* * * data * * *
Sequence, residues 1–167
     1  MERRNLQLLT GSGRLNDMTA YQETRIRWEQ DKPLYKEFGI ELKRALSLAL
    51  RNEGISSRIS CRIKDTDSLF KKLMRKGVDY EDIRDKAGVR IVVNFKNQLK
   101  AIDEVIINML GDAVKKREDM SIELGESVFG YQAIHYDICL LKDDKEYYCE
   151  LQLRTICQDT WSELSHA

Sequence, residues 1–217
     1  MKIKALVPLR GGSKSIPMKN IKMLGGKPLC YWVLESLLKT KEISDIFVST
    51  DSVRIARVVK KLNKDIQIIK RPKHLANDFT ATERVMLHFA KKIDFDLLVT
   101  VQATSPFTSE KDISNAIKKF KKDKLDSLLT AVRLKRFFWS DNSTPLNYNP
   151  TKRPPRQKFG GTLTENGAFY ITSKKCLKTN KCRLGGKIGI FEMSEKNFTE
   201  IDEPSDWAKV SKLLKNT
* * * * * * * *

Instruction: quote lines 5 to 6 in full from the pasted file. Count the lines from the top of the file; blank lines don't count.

   151  LQLRTICQDT WSELSHA

Sequence, residues 1–217